*Gentlemen Prefer the Blonde*

Popular Marlena has spent more time "courting" than judge Judy! Here's a rundown of the fellows in whom she has inspired love and affection, and/or lust and obsession.

Don Craig: This DA, and Marlena were Salem's yuppie poster pair before there even were yuppies! But the two-career couple were beset by his wicked stepdaughter, Donna, and they grew distant -- and divorced -- after their son died of SIDS.

Roman Brady: This cop saved Marlena from the Salem Strangler, then never let her out of his own arms again. Their love lasted until he returned from the dead and found that her heart had been stolen by the man she wrongly believed was him, of all people!

Richard Cates: This police chief was an old friend of Roman's -- and wanted to be more to Marlena. But when Richard's involvement in a drug ring came to light, his chances of winning over his crush were slimmed considerably.

John Black: When Marlena tried to help this amnesiac recover his memory, they discovered that he was Roman, or so they thought. By the time the real Roman returned, the newly "remarried" Marlena was in love with faux Ro.....John.

Orpheus: This ISA agent-turned-master criminal couldn't stop his feelings from growing whenever he was around a certain shrink. So, the villain abducted Marlena and held her captive on his island, where she played Mary Poppins to his kids.

Stefano Dimera: Forget that the Phoenix tried to kill Marlena -- he has! His determination to ruin the Brady bunch brought the object of his obsession to his attention. Now he is consumed bu their love/hate relationship: He adores her; she abhors him.

Roman again: When thsi supercop returned from the dead terminally ill, even though Marlena was about to wed John, she let her second hubby think that he always had been her favorite. But after he started getting better, he got clued in to the truth.



Birthday: Halloween.

Hometown: Milwaukee.

A matter of character: "Over the last 22 years, we've had very good writers [at DAYS] -- different from time to time, but very good -- who have given Marlena more grit or more tenderness or yellow eyes, " Hall laughs. "They've made her interesting in different ways, and it's been just a joy to be surprised by her and to play her."

Storyline influence: While Hall tries to stay away from suggesting DAYS plots, she unwittingly did bring into being one character. "Ann Marcus [Days' headwriter in the mid-1970s] asked some of the actors what we've always wanted to play," Hall remembers. "I said that I'd like to work with my [real life] twin sister. Ann said, 'Your what?' And the Samantha character was born."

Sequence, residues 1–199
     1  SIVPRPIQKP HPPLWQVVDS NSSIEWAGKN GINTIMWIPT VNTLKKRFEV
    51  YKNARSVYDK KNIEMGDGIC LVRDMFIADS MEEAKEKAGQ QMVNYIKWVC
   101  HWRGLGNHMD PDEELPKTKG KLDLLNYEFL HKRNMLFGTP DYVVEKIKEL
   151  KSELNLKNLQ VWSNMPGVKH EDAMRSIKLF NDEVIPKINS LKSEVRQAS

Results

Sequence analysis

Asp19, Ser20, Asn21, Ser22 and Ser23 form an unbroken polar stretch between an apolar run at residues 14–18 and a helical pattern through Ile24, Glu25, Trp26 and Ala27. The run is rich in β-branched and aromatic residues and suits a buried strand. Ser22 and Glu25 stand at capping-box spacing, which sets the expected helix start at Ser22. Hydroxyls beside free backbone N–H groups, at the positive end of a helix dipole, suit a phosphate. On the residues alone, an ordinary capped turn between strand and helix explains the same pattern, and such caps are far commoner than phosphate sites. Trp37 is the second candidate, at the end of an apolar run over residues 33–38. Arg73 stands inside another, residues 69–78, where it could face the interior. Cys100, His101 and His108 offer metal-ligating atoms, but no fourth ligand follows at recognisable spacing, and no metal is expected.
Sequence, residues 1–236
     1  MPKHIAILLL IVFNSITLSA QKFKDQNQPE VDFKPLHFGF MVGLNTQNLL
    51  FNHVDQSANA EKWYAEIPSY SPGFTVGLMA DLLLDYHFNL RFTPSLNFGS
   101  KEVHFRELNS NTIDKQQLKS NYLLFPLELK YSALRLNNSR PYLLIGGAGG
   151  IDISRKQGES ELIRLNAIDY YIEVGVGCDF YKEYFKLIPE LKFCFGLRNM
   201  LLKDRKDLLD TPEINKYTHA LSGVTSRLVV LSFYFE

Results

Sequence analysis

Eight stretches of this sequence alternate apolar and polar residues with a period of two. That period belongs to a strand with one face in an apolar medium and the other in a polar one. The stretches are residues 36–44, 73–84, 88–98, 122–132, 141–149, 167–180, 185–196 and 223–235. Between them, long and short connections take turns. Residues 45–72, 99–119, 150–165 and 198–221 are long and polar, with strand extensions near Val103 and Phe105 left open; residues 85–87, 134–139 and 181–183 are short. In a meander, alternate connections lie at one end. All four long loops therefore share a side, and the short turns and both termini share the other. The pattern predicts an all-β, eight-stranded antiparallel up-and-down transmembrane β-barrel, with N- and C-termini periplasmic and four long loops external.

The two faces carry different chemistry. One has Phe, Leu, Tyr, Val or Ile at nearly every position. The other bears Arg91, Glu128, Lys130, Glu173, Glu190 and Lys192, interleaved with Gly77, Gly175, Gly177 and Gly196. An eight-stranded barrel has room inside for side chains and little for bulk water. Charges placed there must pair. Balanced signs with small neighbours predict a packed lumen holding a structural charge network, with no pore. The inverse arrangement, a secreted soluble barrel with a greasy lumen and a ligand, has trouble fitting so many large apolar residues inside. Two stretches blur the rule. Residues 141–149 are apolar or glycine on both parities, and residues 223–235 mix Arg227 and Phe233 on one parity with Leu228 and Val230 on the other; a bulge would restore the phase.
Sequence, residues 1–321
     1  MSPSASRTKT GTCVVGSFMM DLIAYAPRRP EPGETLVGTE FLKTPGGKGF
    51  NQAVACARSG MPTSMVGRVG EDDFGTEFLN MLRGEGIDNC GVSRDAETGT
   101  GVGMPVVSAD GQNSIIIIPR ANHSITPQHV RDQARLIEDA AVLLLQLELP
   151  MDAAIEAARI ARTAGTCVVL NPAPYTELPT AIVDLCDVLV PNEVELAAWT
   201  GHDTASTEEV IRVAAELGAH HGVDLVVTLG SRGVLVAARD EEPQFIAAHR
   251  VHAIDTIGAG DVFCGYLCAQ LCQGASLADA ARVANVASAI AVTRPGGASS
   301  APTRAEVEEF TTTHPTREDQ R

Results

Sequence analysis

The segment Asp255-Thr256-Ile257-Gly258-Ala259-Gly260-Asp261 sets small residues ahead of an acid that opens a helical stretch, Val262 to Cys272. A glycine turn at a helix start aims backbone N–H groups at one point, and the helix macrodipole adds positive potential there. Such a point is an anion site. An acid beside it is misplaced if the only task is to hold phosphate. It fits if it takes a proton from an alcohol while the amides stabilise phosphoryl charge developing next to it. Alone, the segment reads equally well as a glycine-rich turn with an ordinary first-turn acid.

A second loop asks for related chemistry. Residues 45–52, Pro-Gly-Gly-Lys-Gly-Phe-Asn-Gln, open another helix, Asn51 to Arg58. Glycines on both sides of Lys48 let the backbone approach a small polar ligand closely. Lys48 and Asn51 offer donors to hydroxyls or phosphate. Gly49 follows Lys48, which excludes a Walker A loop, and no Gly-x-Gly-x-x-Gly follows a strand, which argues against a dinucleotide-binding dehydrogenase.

He's the one: As far back as when Drake Hogestyn (John) was auditioning for DAYS, Hall had a feeling that they would click. "I screen-tested with a number of men," she recalls, "and there was no question who was right for it. Drake was dynamic, charismatic, and he photographed like a dream. He certainly got my vote."


*It's A Bird!

It's A Plane!

It's Marlena?*

Deidre Hall recalls her early days as a "super" star.

Before the actress began dispensing advice as DAYS' Marlena, she was busting bad guys on the ELECTRA-WOMAN AND DYNA Girl segments of the late-1970s Saturday-morning kids' series THE KROFFT SUPER SHOW. "It was all so silly," she says. But Hall came away from the gig with more than amusing memories. While playing Electra-Woman, she met her best friend, Jane Elliot who guest-starred as the heroine's foe, Cleopatra (and turned up on DAYS a decade later as the villainous Anjelica). Recalls Hall: [The producers] wouldn't pay to air condition our sage, but we were right next to the Donny and Marie Osmond set, which had to be kept cold because they had an ice-skating rink. So, we would sneak over and open their doors to cool down our stage. And [Elliot] would bring her ice skates and ice-skate during lunch! I thought she was hilarious." While Hall fondly remembers her early days as half of a "supercouple," the show got bad reviews from some fans: her young sons "They watched about six minutes of an epi-sode and began to cry," she reports "They don't mind seeing Superman tied to the train tacks or Spider-Man dipped in oil, but it's not funny when it happens to Mom, even if she has boots and a superhero cape on."